How Teaching Helped Me Be a Better Researcher

How Teaching Helped Me Be a Better Researcher

By Emily Green, MA | March 30, 2017
Research Assistant, ETR

"I am a teacher. It's how I define myself. A good teacher isn't someone who gives the answers out to their kids, but is understanding of needs and challenges and gives tools to help other people succeed. That's the way I see myself, so whatever it is that I will do eventually after politics, it'll have to do a lot with teaching."

   -Justin Trudeau

There is something about being a teacher that you carry with you, even if you transition to something else. I didn’t expect to become a K-12 science teacher, but I loved doing it. Now, I find myself being a teacher in everything I do. It gets into your blood. It changes the way you think. And I cannot thank my students enough for changing me in this way.

As a teacher you don’t get to choose who walks through your door, but you do get to help shape the way they walk out of it. The things you say may be carried on through them forever. Most of the time you don’t even know what your impact is.

I think this is also true for many participants in research. Just through the act of surveying or interviewing people, you inadvertently shift their thinking, perhaps shining light into places that had never been illuminated.

From Doing Teaching to Researching Teaching

I had always wanted to do research, and when the opportunity arose at ETR I jumped at it. This meant I left behind doing teaching in order to research it! The transition has been nothing short of wonderful, and the ideas I bring to my new work are shaped, in large part, by the individual relationships I had with my former students. I believe this has helped me better understand my new position, in which I’m doing research on inclusion and equity in STEM education.

Understanding equity and inclusion also means understanding inequity and exclusion. As a teacher, I worked predominately with the alternative education community. My students loved science.

They also happened to be kids who couldn’t sit still, or had reading challenges, or were on the autism spectrum and missed social cues. Even students who were able at age seven to explain the difference between exothermic and endothermic reactions might be described within their traditional classroom as “distracted, disruptive and bored by science.” It became clear to me that standardized education had a long way to go to service all of the students in our educational systems.

Those students taught me how to bring the lessons back to them. Through this lens of their original disengagement, I can see how my new work at ETR might be received on their end.

What's Changed

Here are some ways I’ve been changed by my students that make me a better researcher on equity and inclusion in STEM:

  1. The way I ask questions: It’s always hard to step out of your own reality to encompass someone else’s. Teaching—especially teaching science—means you must always be prepared to learn something from the unlikeliest of places. In research, you try to find the best questions to get subjects to reveal information you didn’t even know existed about concepts you never even thought were related. Scripting questions in and of itself means you become cognizant of your bias and work to eliminate it so you can better step into subjects’ world.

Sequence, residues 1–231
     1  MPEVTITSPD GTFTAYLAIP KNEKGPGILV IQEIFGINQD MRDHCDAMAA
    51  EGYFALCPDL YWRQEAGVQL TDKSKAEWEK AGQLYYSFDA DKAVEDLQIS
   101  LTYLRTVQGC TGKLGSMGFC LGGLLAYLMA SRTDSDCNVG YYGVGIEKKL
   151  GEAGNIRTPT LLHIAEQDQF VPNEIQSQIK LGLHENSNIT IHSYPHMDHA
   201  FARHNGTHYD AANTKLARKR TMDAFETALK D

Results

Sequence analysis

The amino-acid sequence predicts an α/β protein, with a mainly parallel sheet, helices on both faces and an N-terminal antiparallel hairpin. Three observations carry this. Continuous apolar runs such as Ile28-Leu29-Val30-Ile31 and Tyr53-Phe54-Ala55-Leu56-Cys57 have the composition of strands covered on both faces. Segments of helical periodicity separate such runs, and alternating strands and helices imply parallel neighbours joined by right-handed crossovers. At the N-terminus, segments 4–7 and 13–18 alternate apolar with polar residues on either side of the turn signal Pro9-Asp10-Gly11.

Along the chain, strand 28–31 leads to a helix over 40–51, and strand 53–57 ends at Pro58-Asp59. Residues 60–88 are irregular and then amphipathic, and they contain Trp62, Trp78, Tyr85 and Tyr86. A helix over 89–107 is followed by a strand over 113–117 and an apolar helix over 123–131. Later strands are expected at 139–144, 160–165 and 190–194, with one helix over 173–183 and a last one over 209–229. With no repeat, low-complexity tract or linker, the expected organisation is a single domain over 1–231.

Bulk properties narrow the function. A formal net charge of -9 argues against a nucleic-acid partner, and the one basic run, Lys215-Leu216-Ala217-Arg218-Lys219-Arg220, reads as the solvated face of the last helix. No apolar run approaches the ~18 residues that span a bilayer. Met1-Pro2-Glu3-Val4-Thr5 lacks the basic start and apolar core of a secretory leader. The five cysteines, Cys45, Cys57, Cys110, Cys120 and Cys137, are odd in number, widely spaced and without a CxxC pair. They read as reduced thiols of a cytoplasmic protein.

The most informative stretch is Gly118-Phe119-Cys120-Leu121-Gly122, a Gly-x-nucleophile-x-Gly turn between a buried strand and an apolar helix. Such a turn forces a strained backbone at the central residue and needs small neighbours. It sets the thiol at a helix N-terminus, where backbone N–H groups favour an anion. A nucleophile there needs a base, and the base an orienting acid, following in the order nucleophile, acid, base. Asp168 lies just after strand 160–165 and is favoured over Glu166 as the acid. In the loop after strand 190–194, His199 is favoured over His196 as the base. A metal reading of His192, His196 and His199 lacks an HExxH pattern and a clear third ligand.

2. How I view challenges: It can be frustrating when things don’t go your way. But challenges are what make us experienced. They sharpen us. As a teacher, I purposely set specific obstacles for specific students so they could master the lessons they needed.

Now, I see that challenges are making me potent as a researcher. The more I struggle, the faster I progress and the more I see. Setting manageable obstacles was once something that I taught. Now, I practice it!

  1. Assessing “normal”: Normal is a statistical concept used to find averages and assess social phenomena. Some of my students’ skill-sets ranged 6 grade levels between subjects. This made me realize that “normal” is not the goal. I would have had to stifle the best parts of my students to achieve mediocre results somewhere else.

I see this same process as I work on teams here at ETR. No two researchers see the same questions, processes or results. That is not a deficit, but an advantage.

  1. It’s all in the framing: I worked with students who were often considered round pegs being forced into standard education’s square openings. I saw a lot of reductionism in standardization. Getting results, in both teaching and research, is not a linear process that brings you to some singular finish line. It’s iterative and tangential, and the results can say just as much about you as they do about your participants. This means being aware of your bias and expectations, and trying to mitigate that from the moment you frame your project to the point where you share and diffuse your findings.

As I move away from my role as a teacher and settle into my new life as a researcher, I bring experience in from both sides of the table. And while I may differ from Justin Trudeau in many ways, like him, I see that teaching will be one of the lenses I bring with me from now on. I also know that success is not a finish line, but simply the process that keeps us moving forward.

 

Emily Green, MA, is a Research Assistant at ETR working primarily on projects focusing on Equity and Inclusion in STEM. She can be reached at emily.green@etr.org.

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